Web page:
Paying for Government Now Takes a Record 224 Days

Bob Beauprez
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Posted: Aug 16, 2011 12:01 AM

Americans for Tax Reform publishes s a "Cost of Government Day" report every year, which calculates how long the average American must work to pay for the full costs of government spending and regulation. The 2011 version just came out and it isn't encouraging.  Here's the bad news:

  1. The 2011 Cost of Government Day fell on August 12 – last Friday – meaning Americans labored a full 224 days into the year to pay for local, state and federal government spending and regulations.
  2. Americans have lost 29 days of the of the calendar year thanks to Obama's overspending and regulatory zeal – this is the third straight year Cost of Government Day has fallen in August.  July 21 was the previous latest day ever. 
  3. Federal Spending takes 103 days to pay for, state and local government adds another 44 days, and total federal regulations – the explosive impact of which is just beginning to be felt from the current administration's agenda – adds another 77 days. 

Of special interest going forward is the cost of the regulation agenda pursued by Obama.

“The report also details the impact on COGD of many factors in the growing cost of government,” says ATR. “Case studies in the report discuss:  The Dodd-Frank financial regulatory overhaul which will severely increase the number of days Americans must work to pay off the regulatory burden; Obamacare, which will fail to rein in health care costs and continue to increase federal spending; The EPA, which has pursued an aggressive regulatory agenda that will further stall economic recovery.”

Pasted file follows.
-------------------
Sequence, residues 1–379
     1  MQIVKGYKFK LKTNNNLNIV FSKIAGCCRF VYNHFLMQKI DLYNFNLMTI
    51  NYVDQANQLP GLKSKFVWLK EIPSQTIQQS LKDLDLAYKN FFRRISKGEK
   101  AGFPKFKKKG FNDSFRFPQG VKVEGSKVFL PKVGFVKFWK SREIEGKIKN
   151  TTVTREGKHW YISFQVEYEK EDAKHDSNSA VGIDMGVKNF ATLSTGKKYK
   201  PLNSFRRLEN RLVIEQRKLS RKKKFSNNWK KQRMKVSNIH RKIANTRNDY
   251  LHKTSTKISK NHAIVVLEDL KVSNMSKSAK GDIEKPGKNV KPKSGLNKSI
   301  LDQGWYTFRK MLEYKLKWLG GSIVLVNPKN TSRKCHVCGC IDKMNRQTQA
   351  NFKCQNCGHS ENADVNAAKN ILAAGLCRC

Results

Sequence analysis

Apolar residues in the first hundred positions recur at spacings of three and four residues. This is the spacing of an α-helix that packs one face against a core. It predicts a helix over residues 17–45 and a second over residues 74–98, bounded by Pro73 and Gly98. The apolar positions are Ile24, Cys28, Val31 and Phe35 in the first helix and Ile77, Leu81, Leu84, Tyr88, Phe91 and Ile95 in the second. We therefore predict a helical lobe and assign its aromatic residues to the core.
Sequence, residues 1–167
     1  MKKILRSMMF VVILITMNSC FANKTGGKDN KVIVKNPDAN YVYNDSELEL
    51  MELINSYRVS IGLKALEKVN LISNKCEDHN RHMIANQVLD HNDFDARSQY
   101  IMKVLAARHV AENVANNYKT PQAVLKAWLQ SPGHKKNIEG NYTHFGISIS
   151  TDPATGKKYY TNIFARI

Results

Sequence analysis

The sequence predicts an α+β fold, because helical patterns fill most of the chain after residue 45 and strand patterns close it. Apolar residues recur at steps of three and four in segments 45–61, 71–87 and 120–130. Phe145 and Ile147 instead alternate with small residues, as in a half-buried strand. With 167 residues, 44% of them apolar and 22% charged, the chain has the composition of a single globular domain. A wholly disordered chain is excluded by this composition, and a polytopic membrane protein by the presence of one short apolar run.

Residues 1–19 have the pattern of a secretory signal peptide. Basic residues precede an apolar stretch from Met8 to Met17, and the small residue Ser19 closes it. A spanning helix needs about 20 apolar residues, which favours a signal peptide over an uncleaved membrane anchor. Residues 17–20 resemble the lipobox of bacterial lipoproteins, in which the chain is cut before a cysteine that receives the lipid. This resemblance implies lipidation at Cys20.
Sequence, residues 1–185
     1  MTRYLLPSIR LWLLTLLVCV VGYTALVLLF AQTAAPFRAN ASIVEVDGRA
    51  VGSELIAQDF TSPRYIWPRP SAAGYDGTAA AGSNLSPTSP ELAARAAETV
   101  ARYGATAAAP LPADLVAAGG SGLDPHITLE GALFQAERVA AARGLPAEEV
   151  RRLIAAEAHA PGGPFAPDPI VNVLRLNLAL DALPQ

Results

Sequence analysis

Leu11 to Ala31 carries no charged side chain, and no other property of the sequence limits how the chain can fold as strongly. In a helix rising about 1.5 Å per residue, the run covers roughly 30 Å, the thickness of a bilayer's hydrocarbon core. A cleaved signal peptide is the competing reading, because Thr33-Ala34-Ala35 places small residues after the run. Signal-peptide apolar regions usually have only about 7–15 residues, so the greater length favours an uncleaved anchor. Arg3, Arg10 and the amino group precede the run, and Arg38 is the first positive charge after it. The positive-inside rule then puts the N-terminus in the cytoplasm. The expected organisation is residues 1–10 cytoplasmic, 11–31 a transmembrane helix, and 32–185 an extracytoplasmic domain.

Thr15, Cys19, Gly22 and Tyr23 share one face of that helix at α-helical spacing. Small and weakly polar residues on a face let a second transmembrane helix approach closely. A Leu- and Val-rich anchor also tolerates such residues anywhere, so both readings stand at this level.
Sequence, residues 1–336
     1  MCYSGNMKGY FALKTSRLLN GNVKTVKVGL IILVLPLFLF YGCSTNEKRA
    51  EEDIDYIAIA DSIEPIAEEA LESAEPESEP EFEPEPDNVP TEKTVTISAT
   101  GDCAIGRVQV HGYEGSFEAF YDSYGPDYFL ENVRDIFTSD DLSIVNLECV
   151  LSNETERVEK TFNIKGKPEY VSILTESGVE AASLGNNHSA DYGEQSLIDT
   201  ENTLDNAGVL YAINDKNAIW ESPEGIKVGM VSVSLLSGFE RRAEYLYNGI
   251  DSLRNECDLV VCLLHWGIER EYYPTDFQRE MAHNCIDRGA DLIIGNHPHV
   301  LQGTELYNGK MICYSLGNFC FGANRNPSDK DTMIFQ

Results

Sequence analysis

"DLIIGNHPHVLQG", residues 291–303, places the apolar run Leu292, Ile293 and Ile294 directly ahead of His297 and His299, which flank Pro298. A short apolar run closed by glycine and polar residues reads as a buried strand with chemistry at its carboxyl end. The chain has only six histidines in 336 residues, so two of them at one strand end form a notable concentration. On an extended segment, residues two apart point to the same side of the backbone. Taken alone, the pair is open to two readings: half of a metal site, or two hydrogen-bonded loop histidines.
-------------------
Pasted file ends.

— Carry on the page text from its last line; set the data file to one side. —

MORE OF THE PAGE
As Townhall Finance’s editor John Ransom reports in an upcoming issue of Townhall Magazine in a piece titled President Red Tape:

Because [Obama’s regulatory scheme] prevents the creation of more jobs, however, it hits the poor and middle class particularly hard, ‘while the updated cost per employee for firms with fewer than 20 employees is now $10,585 (a 36 percent difference between the costs incurred by small firms when compared with their larger counterparts),’ says the SBA.  In other words, small employers take it on the chin even harder than the big guys. While Obama’s rhetoric panders to the little guys, his actions seemed geared to favor the big guys instead. Maybe that’s what the president meant when he said his administration was only into doing ‘big’ things.”     

The full ATR report is available here.

John Ransom
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